Virginia is taking steps to regulate high-cost small business financing

A complicated and often costly financing option for small businesses will be made easier with an order from the State Corporation Commission that dictates what providers must tell users.

An option called sales-based financing is an advance of money to a small business that the small business pays back with a set portion of daily sales.

Essentially, the arrangement, also known as a merchant cash advance (MCA), means that if a small business’s sales are slow on a given day, it will be paid less that day.

But the real cost can be high and the deals can be complicated enough to understand that Del. Cathy Tran, D-Fairfax, decided some standardized disclosures would be a good idea.

“They can be very complex and confusing,” Tran said.

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And it’s easy for people to get in the head — she said she heard that from a lawyer who works with Asian-American businesses in Northern Virginia to figure out such proposals.

“Many restaurants in Richmond were affected; there was one that organized an MCA and when the pandemic hit his business, he couldn’t keep up, so he took another MCA to pay off the first one and almost went bankrupt,” she said.

The General Assembly unanimously agreed with Train’s argument that small businesses deserve some protection, making Virginia one of four states, along with California, New York and Utah, to do so.

The SCC has now approved rules requiring sell-side finance companies to disclose specific information about finance charges, the total amount due, the estimated number of payments and the payment schedule, along with several other important terms.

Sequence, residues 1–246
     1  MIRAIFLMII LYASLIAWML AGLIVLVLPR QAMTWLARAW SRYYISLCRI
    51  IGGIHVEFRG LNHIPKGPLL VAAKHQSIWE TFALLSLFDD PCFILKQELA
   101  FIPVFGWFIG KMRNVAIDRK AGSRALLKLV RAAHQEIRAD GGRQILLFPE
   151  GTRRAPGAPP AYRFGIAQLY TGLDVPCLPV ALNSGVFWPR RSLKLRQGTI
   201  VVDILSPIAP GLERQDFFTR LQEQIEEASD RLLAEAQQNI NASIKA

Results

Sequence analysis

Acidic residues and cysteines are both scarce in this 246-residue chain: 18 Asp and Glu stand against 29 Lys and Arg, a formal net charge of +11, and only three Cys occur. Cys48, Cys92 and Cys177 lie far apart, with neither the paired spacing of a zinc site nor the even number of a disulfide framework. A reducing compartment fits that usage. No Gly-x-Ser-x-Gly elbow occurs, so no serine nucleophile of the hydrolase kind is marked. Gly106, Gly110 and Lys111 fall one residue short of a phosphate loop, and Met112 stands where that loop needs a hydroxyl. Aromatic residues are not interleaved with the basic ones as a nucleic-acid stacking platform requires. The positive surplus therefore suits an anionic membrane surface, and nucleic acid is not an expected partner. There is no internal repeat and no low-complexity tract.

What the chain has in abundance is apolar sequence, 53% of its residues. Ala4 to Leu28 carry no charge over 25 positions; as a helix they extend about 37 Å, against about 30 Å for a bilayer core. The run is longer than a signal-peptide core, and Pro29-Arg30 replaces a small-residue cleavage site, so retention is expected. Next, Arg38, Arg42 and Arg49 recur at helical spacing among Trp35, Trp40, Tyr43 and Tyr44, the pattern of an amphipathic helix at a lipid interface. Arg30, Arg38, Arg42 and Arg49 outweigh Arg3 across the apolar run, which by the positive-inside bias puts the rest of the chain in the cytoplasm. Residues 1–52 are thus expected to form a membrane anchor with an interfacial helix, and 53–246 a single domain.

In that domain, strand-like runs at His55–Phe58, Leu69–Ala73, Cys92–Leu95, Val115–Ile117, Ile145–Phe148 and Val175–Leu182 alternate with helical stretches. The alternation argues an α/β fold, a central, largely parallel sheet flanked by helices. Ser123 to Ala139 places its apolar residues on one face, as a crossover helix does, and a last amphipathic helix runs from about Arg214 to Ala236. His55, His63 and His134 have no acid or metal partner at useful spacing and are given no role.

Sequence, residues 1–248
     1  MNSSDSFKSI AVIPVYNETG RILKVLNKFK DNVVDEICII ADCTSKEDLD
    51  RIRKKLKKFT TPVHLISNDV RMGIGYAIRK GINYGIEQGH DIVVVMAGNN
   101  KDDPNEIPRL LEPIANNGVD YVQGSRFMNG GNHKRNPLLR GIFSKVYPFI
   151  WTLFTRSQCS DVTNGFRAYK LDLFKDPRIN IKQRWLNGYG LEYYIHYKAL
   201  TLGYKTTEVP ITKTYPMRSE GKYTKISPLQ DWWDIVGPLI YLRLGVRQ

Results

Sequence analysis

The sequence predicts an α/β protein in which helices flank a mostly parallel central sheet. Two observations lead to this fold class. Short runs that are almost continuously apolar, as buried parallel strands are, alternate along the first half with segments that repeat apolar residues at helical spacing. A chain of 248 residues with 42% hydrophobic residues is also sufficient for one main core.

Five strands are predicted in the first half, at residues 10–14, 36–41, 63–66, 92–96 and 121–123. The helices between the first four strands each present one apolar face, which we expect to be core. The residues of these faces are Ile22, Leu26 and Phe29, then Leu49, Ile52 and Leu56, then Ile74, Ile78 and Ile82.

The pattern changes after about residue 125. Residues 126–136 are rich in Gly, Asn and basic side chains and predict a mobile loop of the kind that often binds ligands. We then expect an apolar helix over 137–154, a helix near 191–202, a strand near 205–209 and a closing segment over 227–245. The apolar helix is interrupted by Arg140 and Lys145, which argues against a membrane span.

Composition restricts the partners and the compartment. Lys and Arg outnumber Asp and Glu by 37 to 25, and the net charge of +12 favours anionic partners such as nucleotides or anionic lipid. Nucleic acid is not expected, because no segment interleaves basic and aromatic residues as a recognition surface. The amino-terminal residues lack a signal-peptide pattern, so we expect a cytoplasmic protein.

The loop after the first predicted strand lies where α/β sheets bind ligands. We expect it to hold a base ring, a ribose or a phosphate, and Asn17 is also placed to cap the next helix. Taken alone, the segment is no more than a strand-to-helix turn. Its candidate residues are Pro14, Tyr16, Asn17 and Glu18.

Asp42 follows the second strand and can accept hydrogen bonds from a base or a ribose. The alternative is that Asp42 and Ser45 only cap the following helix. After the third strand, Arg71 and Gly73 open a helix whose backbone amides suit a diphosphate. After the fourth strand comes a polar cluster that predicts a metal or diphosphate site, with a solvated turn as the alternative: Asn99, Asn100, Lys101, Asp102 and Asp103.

Virginia also now prohibits “judgment recognition” language in many of these agreements, which prevents going to court to resolve disputes over what has been paid and what is still owed.

The Tran Act says that arbitration to resolve disputes must take place in Virginia, not outside the state, as some sale-based financing agreements require.

And it says that firms offering this kind of financing must register with the SCC so that it and the General Assembly can be kept up to date with the deal, which was largely absent from everyone’s mind.

One big player, the sales-based finance unit of PayPal Inc., told the SCC Bureau of Financial Institutions that it provided about $19 million to 1,143 small businesses in Virginia last year.

About 70 percent of the advances went to borrowers in countries that lost 10 or more bank branches after the 2008 recession, and more than a quarter of the advances went to low- and middle-income businesses, said Bernardo Martinez, a PayPal vice president. for global trade lending, the State Technical Committee reported.

The basic idea has been around since the late 1980s in the form of a three-way transaction in which the advance would be repaid out of a fixed share of the company’s future credit card revenue, with the credit card company handling and paying the distribution between the firm that made the advance, and the merchant who made the sale.

For many small businesses, this meant easier access to funds because the cash flow of the business was important, not the owner’s personal credit rating.

But just like with a credit card, when a consumer makes only the minimum payment, the real cost can turn out to be much higher than first thought.

According to the latest Federal Trade Commission report, in addition to repaying the down payment, small businesses must pay what’s called a “factor,” which is often 20% to 50% of the down payment.

“MCAs have very high costs, including, in some cases, estimated APRs in the triple digits. As a result, many business owners who receive MCAs may find it difficult to successfully repay them,” the FTC said, citing the annual percentage rate for credit agreements.

Sometimes the daily receipt by the MCA supplier from the company’s bank account does not match the company’s profit for that day. This is stated in a lawsuit filed by a New York health care facility against his firm, MCA.

According to a recent report by New York’s online publication The City, because the business owner signed a “declaration of judgment” waiving the right to go to court, MCA received a court order demanding payment of $800,000. news release

The FTC’s report raised concerns that some MCA providers use aggressive and potentially deceptive marketing practices, often paying large commissions to deal brokers.

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